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Big Data Analytics Drives Efforts to Bring Hadoop to the Mainframe


Most mainframe shops consider Hadoop a distributed, open-source systems play. It conjures up visions of thousands or tens of thousands of Hadoop instances running on the cheapest, commodity-priced x86 servers. At least, that’s the lore around Hadoop with Google and Yahoo distributing queries across vast numbers of cheap servers to achieve fast response times.

In truth, this open-source technology, supported by the large Hadoop Apache community, underpins not only Google and Yahoo but also Facebook, Twitter, eBay and many other big-name Internet players that need to sift and sort the vast amounts of data generated by their operations. They use massive numbers of commodity servers running separate instances of Hadoop so they can replicate queries and process data among multiple machines knowing that some will fail but others will continue the workload and nobody will notice or care. Do you mind if your query runs a few tenths of a second slower?

IBM Joins the Hadoop Party

In April, IBM started making Hadoop more interesting to its mainframe base. Tucked into its Vivisimo acquisition announcement, IBM declared that its big data platform is based on open-source Apache Hadoop. The platform makes it easier for data-intensive applications to manage and analyze petabytes of big data by providing an integrated approach to analytics that helps them turn sheer data into actionable business insights.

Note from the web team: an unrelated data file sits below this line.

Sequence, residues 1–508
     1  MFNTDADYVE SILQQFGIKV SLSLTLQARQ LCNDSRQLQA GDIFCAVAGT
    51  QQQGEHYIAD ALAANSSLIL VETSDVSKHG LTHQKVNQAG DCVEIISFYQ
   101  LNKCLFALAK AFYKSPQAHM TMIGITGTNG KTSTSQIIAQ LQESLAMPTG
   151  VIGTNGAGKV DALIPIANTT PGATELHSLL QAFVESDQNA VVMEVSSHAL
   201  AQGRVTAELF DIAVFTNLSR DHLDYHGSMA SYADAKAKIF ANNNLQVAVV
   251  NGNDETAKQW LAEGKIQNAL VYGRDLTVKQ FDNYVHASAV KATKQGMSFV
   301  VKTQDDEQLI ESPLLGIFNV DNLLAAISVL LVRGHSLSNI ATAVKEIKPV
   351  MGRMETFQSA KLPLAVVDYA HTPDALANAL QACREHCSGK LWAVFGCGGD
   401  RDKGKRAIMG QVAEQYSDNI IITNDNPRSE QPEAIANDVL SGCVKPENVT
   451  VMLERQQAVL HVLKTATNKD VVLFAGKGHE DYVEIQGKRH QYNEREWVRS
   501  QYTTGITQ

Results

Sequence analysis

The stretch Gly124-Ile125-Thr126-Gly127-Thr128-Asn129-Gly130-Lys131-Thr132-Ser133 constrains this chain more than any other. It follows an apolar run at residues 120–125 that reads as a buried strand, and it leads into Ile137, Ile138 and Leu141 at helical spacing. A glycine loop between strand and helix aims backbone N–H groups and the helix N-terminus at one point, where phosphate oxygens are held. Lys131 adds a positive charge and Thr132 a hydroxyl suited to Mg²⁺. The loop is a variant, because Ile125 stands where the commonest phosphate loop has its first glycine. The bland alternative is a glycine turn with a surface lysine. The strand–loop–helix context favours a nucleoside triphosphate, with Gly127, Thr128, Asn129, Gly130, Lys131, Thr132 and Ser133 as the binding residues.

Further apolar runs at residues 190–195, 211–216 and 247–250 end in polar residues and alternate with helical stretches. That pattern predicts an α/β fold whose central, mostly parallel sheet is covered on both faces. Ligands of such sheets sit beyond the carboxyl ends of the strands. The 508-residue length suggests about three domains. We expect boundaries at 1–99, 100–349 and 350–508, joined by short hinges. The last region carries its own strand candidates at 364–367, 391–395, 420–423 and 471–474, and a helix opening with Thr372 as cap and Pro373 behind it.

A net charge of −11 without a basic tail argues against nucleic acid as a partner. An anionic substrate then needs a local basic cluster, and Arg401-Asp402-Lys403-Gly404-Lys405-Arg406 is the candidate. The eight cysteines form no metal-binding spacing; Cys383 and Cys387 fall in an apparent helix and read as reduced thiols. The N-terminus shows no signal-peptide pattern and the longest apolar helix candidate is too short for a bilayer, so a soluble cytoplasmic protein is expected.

IBM further explained that its evolving big data strategic platform promises the industry's broadest array of advanced, Hadoop-based business analytics, stream computing, data warehousing, integration, visualization, systems management, governance and consulting services. IBM, in effect, is taking a federated approach to the big data challenge by blending traditional data management technologies with what it sees as complementary new technologies, like Hadoop, that address speed and flexibility, and are ideal for data exploration, discovery and unstructured analysis.

In addition, the company is expanding this evolving analytics environment to run on various distributions of Hadoop, beginning with Cloudera, a top contributor to the Hadoop development community. The result: Cloudera Hadoop clients will be able to take advantage of IBM's big data platform to perform complex analytics.

Alan Radding is freelance writer specializing in business and technology. He can be reached through his Web site, http://technologywriter.com


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